|  2  |            |            | <- auep    |            |           |
|     |            |     ack -> |            |            |           |
|-----|------------|------------|------------|------------|-----------|
|  3+ |            |            | <- rqnt    |            |           |
|     |            |     ack -> |            |            |           |
|-----|------------|------------|------------|------------|-----------|
|  4  |            |            |            | <- rsip    |           |
|     |            |            |     ack -> |            |           |
|-----|------------|------------|------------|------------|-----------|
|  5  |            |            |    auep -> |            |           |
|     |            |            |            | <- ack     |           |
|-----|------------|------------|------------|------------|-----------|
|  6+ |            |            |    rqnt -> |            |           |
|     |            |            |            | <- ack     |           |
 ---------------------------------------------------------------------

   Step 1 - RestartInProgress (rsip) from rgw1 to ca

   rgw1 uses DNS to determine the domain name of ca and send to the
   default port of 2727.  The command consists of the following:

      rsip 1 *@rgw1.whatever.net mgcp 1.0
      rm: restart

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   The "*" is used to inform ca that all endpoints of rgw1 are being
   restarted, and "restart" is specified as the restart method.  The
   Call Agent "ca" acknowledges the command with an acknowledgement
   message containing the transaction-id (in this case 1) for the
   command.  It sends the acknowledgement to rgw1 using the same port
   specified as the source port for the rsip.  If none was indicated, it
   uses the default port of 2727.

      200 1 ok

   A response code is mandatory.  In this case, "200", indicates "the
   requested transaction was executed normally".  The response string is
   optional.  In this case, "ok" is included as an additional
   description.

   Step 2 - AuditEndpoint (auep) from ca to rgw1

   The command consists of the following:

      auep 153 *@rgw1.whatever.net mgcp 1.0

   The "*" is used to request audit information from rgw1 of all its
   endpoints.  rgw1 acknowledges the command with an acknowledgement
   message containing the transaction-id (in this case 153) of the
   command, and it includes a list of its endpoints.  In this example,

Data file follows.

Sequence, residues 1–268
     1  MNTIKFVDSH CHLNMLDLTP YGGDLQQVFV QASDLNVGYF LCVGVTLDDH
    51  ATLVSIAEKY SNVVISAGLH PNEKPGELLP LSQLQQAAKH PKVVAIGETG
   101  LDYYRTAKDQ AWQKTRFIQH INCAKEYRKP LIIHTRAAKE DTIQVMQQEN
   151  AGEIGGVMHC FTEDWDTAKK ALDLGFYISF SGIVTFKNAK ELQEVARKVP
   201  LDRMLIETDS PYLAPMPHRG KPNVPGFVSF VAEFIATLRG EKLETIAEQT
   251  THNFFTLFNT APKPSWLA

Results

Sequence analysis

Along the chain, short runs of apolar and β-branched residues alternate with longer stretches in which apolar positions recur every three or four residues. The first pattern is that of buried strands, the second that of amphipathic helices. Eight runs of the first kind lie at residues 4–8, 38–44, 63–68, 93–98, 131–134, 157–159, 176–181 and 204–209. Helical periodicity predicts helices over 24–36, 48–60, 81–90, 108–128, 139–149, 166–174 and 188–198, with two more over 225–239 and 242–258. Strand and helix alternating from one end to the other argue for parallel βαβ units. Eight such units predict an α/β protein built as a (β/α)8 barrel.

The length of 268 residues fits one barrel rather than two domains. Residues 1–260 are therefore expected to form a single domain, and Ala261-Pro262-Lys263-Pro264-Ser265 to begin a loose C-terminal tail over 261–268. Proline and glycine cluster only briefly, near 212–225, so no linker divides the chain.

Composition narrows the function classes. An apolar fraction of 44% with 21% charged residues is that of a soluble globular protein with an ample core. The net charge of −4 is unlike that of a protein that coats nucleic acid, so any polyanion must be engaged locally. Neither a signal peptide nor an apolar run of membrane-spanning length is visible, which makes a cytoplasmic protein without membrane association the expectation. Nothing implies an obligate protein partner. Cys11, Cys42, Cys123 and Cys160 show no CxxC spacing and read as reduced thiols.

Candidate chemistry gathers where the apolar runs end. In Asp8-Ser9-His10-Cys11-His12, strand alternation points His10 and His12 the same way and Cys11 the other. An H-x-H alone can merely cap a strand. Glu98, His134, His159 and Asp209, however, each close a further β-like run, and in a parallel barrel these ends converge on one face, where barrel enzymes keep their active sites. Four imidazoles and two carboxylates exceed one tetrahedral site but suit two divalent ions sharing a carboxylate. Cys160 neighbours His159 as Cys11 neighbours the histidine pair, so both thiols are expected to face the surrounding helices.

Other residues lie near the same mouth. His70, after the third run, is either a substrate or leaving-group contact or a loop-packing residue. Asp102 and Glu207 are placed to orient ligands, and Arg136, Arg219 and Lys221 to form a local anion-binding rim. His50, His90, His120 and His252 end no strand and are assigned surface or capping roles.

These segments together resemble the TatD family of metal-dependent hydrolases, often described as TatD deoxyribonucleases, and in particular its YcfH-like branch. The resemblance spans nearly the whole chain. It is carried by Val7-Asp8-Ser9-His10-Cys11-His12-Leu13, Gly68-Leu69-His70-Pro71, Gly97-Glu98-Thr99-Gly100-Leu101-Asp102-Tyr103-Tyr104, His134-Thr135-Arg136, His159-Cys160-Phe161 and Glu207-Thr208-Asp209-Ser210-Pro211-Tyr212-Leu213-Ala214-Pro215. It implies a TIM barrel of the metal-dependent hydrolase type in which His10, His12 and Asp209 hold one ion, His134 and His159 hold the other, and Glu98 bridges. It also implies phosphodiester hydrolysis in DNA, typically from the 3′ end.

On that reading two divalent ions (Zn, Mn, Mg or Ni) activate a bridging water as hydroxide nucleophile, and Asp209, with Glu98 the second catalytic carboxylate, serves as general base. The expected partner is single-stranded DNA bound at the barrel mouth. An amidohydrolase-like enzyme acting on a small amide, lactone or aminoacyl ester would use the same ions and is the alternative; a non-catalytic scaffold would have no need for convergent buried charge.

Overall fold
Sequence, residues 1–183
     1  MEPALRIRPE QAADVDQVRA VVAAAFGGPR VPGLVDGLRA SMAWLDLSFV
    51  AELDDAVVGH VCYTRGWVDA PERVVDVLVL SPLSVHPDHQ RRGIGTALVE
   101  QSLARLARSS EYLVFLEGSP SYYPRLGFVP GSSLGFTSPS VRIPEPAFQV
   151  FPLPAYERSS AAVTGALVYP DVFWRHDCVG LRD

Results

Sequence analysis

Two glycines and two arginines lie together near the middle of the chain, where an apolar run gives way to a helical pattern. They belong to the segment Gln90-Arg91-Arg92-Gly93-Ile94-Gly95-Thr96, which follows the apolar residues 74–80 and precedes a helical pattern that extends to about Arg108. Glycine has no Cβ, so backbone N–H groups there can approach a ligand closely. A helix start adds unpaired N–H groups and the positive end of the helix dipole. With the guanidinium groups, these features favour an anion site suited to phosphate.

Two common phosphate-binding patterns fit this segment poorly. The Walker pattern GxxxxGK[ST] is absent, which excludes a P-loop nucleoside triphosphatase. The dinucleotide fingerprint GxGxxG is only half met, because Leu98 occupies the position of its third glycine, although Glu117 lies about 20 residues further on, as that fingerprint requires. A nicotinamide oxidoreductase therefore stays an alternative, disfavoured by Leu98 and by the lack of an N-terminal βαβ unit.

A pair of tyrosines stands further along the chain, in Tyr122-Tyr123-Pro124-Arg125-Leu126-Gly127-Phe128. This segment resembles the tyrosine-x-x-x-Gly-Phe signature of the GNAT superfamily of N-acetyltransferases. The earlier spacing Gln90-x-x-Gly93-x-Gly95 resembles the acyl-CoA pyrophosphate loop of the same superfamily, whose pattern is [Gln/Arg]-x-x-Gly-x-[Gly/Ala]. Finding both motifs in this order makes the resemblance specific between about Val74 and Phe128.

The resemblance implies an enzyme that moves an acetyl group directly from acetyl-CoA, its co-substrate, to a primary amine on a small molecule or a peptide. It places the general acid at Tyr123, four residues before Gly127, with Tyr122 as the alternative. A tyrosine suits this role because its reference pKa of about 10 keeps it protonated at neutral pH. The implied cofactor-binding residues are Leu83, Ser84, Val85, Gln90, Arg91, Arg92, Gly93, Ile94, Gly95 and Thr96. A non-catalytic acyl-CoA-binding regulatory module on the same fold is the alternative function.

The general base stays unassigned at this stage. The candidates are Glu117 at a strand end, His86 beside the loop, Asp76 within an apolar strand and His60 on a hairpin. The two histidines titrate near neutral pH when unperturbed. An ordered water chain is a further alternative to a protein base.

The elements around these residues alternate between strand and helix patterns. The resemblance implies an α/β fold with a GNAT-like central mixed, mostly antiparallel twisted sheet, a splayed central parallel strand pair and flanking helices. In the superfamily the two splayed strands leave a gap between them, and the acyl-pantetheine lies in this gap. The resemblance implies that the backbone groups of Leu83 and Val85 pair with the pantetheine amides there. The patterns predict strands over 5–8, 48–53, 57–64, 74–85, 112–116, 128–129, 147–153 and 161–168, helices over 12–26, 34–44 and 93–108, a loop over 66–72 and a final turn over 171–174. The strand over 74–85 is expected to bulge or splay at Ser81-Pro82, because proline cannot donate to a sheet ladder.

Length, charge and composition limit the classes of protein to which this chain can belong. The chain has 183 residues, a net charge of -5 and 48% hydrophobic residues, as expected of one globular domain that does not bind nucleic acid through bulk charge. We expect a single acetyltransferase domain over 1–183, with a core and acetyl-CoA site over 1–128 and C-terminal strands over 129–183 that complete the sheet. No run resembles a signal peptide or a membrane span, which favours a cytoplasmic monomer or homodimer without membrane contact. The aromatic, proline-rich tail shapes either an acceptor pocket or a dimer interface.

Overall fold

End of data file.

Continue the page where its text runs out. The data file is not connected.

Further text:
rgw1 has two endpoints, aaln/1 and aaln/2.

      200 153 ok
      Z: aaln/1@rgw1.whatever.net
      Z: aaln/2@rgw1.whatever.net

   Once it has the list of endpoint ids, ca may send individual
   AuditEndpoint commands in which the "*" is replaced by the id of the
   given endpoint.  As its response, rgw1 would replace the endpoint id
   list returned in the example with the info requested for the
   endpoint.  This optional message exchange is not shown in this
   example.

   Step 3 - NotificationRequest (rqnt) from ca to each endpoint of rgw1

   In this case, ca sends two rqnts, one for aaln/1:

      rqnt 154 aaln/1@rgw1.whatever.net mgcp 1.0
      r: l/hd(n)
      x: 3456789a0

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   and a second for aaln/2:

      rqnt 155 aaln/2@rgw1.whatever.net mgcp 1.0
      r: l/hd(n)
      x: 3456789a1

   Note that in the requested events parameter line, the event is fully
   specified as "l/hd", i.e., with the package name, in order to avoid
   any potential ambiguity.  This is the recommended behavior.  For the
   sake of clarity, the action, which in this case is to Notify, is
   explicitly specified by including the "(n)".  If no action is
   specified, Notify is assumed as the default regardless of the event.
   If any other action is desired, it must be stated explicitly.

   The expected response from rgw1 to these requests is an
   acknowledgement from aaln/1 as follows:

      200 154 ok

   and from aaln/2:

      200 155 ok

   Step 4 RestartInProgress (rsip) from rgw2 to ca

      rsip 0 *@rgw2.whatever.net mgcp 1.0
      rm: restart

   followed by the acknowledgement from ca:

      200 0 ok

   Step 5 - AuditEndpoint (auep) from ca to rgw2

      auep 156 *@rgw2.whatever.net mgcp 1.0

   followed by an acknowledgement from rgw2:

      200 156 ok
      z: aaln/1@rgw2.whatever.net